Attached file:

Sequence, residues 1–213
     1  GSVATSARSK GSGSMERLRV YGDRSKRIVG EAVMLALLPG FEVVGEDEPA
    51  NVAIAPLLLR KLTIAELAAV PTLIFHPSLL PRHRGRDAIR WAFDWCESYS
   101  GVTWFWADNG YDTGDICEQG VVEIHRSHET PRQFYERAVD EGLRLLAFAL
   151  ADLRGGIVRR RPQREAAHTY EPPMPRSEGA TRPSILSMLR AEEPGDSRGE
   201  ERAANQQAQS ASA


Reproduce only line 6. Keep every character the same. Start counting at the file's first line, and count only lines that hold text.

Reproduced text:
   201  ERAANQQAQS ASA